Gun policy shot down



By a 3-2 vote, a decision to ban firearms from Sonora High School District campuses for any reason was overturned last night.

The zero-tolerance policy, passed in March, caused veterans, teachers and law enforcement officers to ask board members to reconsider their decision.

Most argued that a knowledge of firearms could actually prevent accidents and injuries.

Trustees spent the last five months considering every angle of the issue, and while two held firm to keeping guns off campus, the majority voted to return to the original policy allowing guns on campus with the principal's permission and strict supervision adding that a student must have the superintendent's permission as well.

Last night's meeting was the first time a significant number of community members argued in favor of the zero-tolerance policy passed in March.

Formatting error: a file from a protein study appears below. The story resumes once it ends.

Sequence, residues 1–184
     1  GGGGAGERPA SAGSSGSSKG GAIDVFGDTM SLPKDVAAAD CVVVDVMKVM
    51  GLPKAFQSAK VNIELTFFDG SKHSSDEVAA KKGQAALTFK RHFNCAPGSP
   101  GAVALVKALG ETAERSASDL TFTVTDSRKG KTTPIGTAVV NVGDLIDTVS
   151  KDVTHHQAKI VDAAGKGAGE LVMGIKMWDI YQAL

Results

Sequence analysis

Many said there is no real reason for having a gun on campus.

One parent said the district has more pressing issues to worry about besides whether kids can form a gun club.

"What I heard from all the parents, all of them saw no reason to have guns on campus," said Rosetta Bannwarth of Sonora. "In this budget, focus on education rather than extracurricular activities."

Not everyone agreed.

Veteran Al Koski said a complete education is the reason guns should be in school.

"Our children do need proper familiarity with all aspects of this country and firearms," he said. "Not many of them can afford to go to these gun clubs. The best place to learn are these schools."

Trustee Ed Clinite, who originally voted against the zero-tolerance policy, said neither policy would prevent a student from bringing a concealed weapon onto campus.

At Colorado's Columbine High School, the site of a 1999 school shooting that left both students and teachers dead, Columbine's school board had enacted a gun policy similar to the one Sonora High trustees reinstated last night.

"A policy will not keep that sort of massacre from happening," Clinite said.

The Union Democrat
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